A Fort Wayne retailer sends out some 4,000 shipments every day, and at the start of the distribution line is shipping specialist Sam Miller, assembling box after box with meticulous attention to detail. Miller is part of a new program in northeast Indiana that’s training people with intellectual and developmental disabilities to fill entry-level positions at logistics operations. Just weeks away from its first class of “graduates,” the program helps students earn a nationally-recognized industry certification, and employers gain a new pool of job candidates.

“When you’re growing at the rate that we are,  and you’re hiring three to six employees every week, [hiring] is a challenge,” says Sweetwater Sound, Inc. Human Resources Senior Vice President Jeff McDonald.

The second-largest music retailer in the U.S., Sweetwater Sound found one of its most reliable employees through Easter Seals Arc of Northeast Indiana, which provides services and resources for children and adults with a wide range of disabilities. The organization recently launched the Job Education & Training (JET) program to meet two needs in the community: people with disabilities struggling to find employment and logistics operations hungry for entry-level workers.

“We’re seeing some businesses here locally start to understand that people with disabilities  are really quite capable of being productive—if not exceptional workers in positions that they’re having a difficult time filling,” say Easter Seals Arc of Northeast Indiana President and Chief Executive Officer Donna Elbrecht.

As part of the program, JET is partnering with Ivy Tech Corporate College to provide Certified Logistics Associate (CLA) classes, which teach concepts for positions in shipping and receiving departments of distribution centers. When the pilot program ends in December, the JET students will test for CLA industry certification, just like any other person taking the course at Ivy Tech.

“Our folks are very reliable when it comes to positions with any kind of repetition—that’s actually one thing they excel at,” says Elbrecht. “If it’s repetitive—maybe something where other people would get bored and start losing quality—our folks have laser focus.”

The JET program includes High School Equivalency classes that emphasize reading, math and language, and Elbrecht says logistics quickly emerged as a promising avenue to parlay learning into employment. About five JET students are currently pursuing the CLA certification, but Sweetwater leaders say Miller was “such a natural fit” that they hired him while he was still training.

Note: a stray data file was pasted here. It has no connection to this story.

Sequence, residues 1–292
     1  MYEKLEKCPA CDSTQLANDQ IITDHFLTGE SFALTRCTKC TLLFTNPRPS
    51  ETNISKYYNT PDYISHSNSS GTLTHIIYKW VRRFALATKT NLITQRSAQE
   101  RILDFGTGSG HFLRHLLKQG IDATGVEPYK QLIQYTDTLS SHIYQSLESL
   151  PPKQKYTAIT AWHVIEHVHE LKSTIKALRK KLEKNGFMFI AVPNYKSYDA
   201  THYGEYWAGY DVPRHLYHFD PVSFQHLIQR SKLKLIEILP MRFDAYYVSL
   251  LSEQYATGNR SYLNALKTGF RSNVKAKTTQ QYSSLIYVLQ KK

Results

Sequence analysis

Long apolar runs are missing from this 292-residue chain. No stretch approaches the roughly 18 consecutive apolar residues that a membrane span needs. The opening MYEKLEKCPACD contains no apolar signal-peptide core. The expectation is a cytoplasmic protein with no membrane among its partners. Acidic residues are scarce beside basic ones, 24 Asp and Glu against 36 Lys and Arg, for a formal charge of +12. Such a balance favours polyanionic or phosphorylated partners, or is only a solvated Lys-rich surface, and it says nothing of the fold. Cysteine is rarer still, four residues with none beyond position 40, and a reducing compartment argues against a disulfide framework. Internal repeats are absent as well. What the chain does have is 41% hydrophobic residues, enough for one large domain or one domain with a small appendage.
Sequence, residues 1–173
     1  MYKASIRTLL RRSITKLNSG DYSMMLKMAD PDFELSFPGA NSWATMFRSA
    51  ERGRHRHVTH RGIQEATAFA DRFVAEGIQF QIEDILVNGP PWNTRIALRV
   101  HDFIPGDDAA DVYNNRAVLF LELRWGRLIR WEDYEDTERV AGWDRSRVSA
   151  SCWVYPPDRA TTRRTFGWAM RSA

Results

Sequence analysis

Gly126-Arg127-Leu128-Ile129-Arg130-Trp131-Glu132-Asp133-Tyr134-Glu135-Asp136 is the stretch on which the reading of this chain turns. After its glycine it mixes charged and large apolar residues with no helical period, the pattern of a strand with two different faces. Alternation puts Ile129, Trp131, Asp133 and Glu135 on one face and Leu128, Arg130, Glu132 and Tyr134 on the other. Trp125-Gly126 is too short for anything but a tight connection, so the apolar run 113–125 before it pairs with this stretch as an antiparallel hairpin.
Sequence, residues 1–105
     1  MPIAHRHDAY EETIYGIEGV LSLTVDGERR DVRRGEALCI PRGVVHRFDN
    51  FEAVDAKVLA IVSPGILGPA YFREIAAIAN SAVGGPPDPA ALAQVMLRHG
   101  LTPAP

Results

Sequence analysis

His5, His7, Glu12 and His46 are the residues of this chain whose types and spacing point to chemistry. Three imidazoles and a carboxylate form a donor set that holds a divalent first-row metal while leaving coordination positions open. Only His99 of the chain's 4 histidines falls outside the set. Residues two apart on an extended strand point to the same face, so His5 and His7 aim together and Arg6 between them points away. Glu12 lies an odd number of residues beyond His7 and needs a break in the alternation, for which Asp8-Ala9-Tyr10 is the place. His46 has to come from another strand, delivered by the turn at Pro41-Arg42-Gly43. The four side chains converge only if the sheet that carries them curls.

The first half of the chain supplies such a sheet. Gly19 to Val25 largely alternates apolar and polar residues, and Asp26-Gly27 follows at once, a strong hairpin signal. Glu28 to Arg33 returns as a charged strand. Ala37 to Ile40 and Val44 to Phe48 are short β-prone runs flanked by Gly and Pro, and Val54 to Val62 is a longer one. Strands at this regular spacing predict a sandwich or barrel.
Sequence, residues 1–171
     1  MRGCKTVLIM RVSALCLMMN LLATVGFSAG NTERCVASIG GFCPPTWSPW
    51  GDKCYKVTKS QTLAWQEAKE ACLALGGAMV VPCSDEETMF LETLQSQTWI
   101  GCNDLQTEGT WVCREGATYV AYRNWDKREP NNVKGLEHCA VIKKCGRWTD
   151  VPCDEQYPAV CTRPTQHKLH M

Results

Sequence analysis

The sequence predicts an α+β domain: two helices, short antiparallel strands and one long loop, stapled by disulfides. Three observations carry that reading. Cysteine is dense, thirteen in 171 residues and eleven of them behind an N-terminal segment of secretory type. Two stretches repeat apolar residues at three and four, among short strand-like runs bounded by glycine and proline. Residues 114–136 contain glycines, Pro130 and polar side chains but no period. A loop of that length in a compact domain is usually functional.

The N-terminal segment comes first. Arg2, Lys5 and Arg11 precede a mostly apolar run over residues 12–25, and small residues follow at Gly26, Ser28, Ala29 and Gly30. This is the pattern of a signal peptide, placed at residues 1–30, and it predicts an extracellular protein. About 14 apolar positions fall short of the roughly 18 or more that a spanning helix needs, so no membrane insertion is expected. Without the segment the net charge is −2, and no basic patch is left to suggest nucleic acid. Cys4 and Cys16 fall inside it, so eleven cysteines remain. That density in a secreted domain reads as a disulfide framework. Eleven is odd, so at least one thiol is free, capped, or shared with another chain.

“Without him creating that box flow, our logistics would not happen like it does every day,” says Sweetwater Sound Vice President of Distribution Brian Randol. “The other employees love him, he’s reliable and a very good communicator. He asks a lot of questions when he has a concern, or he wants to make sure he’s doing something right. He has that mentality to go above and beyond to make the operation smoother.”

Sweetwater leaders say Miller—who has a “very contagious” positive attitude—is every bit as productive as an employee without disabilities and believe more logistics operations in the area could benefit by hiring JET graduates.

“I think it’s a great opportunity for us to work with a local not-for-profit that has a great mission and try to help them place people who other employers might at first be reluctant to interview,” says McDonald. “It’s all about putting the right person in the right seat on the bus. Whether they’re disabled or not, you have to say, ‘What’s the job that fits their skillset and that they can succeed in?’ And we just hit a home run with Sam.”

Elbrecht says, for the first time in her career, businesses have become “the champions for this effort,” realizing the impact people with disabilities can have on work force shortages.

“Our folks are friendly and eager; they’ve wanted to work for so long that they’re just happy to be there and part of the team,” says Elbrecht. “[Local companies] tell us it’s been a real struggle to find reliable individuals who can show up on time for work every day and be ready to work. Our clients with disabilities are ready to go. The business community is seeing that, and it’s really exciting.” 

Elbrecht says the business community seems very excited about a potential new group of people to fill open positions.

Elbrecht says a similar job training program is beginning at a local hospital.

Randol says Sam started with three days per week, but was promoted to work four days per week, due to his desire to go “above and beyond.”

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